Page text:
This article will focus on implementing CA-signed certificates and enabling the HTTPS protocol on Brocade switches. I assume you already have a Certificate Authority implemented and you can sign certificates requests.
Putty: Used to connect to the switch.
Alex’s FTP Server: Used to upload and download files from or onto the switch.
OpenSSL: Used to convert and test certificate files.
Dos2Unix: Used to convert Windows-created filed to Unix/Linux files.
secCertUtil secCertUtil CLI will be deprecated. Use secCertMgmt for Certificate related operations.
The command seccertUtil is replaced by secCertMgmt.
It is highly recommended to back up your switch configuration before performing any changes. For tracing purposes, I have configured my Putty terminal to log every session. It will also flush the log file frequently.
Generating Certificate Signing Request (.csr) file
To list available certificates on the switch use the command:
secCertmgmt show -all
To create the .csr file in interactive mode type
seccertmgmt generate -csr https
Generate the file and export it locally. Accordingly, request your CA to have it signed.
The following command exports the .csr file in an interactive mode:
seccertmgmt export -csr https -protocol ftp
Preparing certificates for import
I signed the client’s certificate and got it in a .cer file. I also have the Root and Intermediate certificates in my possession.
Brocade switches require to have root and intermediate certificates merged into one file. The merge order is also important, first the Root certificate then the Intermediate. Work your way up the chain to the root certificate.
Before merging the certificates we will convert them to .pem files. To convert them from .cer to .pem file format use the following command
openssl x509 -in <certificate path & file name> -out <certificate path & file name>
Combining Root and Intermediate certificate
To merge the certificates use the Windows copy command. The /B parameter prevents Windows to append ASCII characters (CTRZ – Z) to the file.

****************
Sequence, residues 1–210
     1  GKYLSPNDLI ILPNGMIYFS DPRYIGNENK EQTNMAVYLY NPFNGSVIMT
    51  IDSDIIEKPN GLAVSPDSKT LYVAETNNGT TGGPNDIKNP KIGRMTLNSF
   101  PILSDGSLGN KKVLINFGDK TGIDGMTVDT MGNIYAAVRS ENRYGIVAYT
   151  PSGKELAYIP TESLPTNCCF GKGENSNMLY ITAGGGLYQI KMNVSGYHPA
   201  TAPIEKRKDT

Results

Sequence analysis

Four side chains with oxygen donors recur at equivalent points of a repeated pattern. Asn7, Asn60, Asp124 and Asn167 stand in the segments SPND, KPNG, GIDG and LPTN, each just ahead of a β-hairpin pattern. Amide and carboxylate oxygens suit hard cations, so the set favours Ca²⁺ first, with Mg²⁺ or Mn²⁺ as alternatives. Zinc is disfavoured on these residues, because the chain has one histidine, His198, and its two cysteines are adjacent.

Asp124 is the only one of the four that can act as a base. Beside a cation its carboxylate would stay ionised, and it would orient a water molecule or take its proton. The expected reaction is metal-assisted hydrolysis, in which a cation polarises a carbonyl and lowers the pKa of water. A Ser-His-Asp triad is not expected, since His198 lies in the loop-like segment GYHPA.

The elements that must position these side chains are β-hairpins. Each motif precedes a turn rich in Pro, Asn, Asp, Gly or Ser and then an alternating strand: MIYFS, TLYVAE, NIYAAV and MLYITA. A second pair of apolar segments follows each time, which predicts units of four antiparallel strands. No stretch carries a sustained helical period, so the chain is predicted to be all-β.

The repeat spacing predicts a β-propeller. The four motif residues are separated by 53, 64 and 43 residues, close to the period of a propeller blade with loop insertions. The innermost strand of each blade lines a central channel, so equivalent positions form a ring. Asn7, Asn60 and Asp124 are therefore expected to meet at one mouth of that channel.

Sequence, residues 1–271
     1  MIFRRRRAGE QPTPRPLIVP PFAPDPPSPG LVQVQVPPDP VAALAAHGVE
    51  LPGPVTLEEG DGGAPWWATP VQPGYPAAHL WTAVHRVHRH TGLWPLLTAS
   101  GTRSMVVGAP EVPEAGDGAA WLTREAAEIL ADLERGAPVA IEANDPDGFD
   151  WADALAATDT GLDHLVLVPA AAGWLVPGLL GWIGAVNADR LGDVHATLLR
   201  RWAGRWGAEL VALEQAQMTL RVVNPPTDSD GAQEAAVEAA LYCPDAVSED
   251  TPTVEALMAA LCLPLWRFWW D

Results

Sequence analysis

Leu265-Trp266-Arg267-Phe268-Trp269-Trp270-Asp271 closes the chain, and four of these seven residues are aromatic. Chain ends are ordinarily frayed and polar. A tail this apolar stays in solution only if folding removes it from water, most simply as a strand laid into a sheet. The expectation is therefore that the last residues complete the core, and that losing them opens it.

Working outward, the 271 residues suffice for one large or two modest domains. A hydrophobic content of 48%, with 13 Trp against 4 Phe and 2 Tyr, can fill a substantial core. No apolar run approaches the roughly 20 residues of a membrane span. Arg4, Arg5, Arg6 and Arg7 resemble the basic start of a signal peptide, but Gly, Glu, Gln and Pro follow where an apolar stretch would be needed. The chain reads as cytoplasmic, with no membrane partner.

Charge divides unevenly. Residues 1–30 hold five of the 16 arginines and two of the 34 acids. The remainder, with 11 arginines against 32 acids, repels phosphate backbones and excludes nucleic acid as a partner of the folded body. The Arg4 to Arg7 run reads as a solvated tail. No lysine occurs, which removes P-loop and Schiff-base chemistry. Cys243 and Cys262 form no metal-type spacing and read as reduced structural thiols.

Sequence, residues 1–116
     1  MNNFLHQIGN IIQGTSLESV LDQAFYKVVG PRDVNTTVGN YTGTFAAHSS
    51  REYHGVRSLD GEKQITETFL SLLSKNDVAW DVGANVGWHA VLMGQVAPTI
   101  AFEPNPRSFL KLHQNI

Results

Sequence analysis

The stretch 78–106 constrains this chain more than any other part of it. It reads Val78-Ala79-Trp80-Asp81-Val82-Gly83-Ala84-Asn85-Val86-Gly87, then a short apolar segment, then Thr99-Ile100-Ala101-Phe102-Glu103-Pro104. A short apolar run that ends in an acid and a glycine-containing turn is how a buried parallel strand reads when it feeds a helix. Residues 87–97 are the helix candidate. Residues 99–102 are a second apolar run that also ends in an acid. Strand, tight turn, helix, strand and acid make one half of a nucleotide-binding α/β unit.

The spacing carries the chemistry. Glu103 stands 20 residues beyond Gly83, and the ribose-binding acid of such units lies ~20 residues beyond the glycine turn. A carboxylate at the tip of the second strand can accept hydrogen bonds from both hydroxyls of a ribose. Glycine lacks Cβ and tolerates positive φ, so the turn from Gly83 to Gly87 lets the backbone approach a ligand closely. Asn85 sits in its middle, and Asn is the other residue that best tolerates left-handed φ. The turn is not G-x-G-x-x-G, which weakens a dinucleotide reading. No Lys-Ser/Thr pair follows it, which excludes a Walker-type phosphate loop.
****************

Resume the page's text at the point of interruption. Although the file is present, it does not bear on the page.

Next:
copy /B <file name path 1> <file name path 2> <destination file name path>
Converting Windows files to Unix
Files created in Windows are sometimes incorrectly read in Unix/Linux. It’s because of Windows handling i.g. newlines and carriage returns in a different way.
In order to “clean” the certificates, we will use the tool dos2unix to convert them into Unix files.
dos2unix.exe <file name>
The file is rewritten and the output is saved under the same location.
Additionally, we can test the certificate chain and our client certificate using the following command.
openssl verify -verbose -purpose sslserver -CAfile <root certificate.pem> <switch certificate.pem>
First, we will import the root certificate using the command below.
seccertmgmt import -ca -server https
Finally, we can import the switch certificate file.
seccertmgmt import -cert https
We have enabled the switch to communicate over HTTPS protocol and HTTP requests are redirected to HTTPS.
I’ve noticed my Brocade Network Advisor claims that the switch is unreachable after installing the certificate. Finally, I got this resolved by performing a hareboot. The hareboot restarts the web linker daemon which is responsible for web communication.
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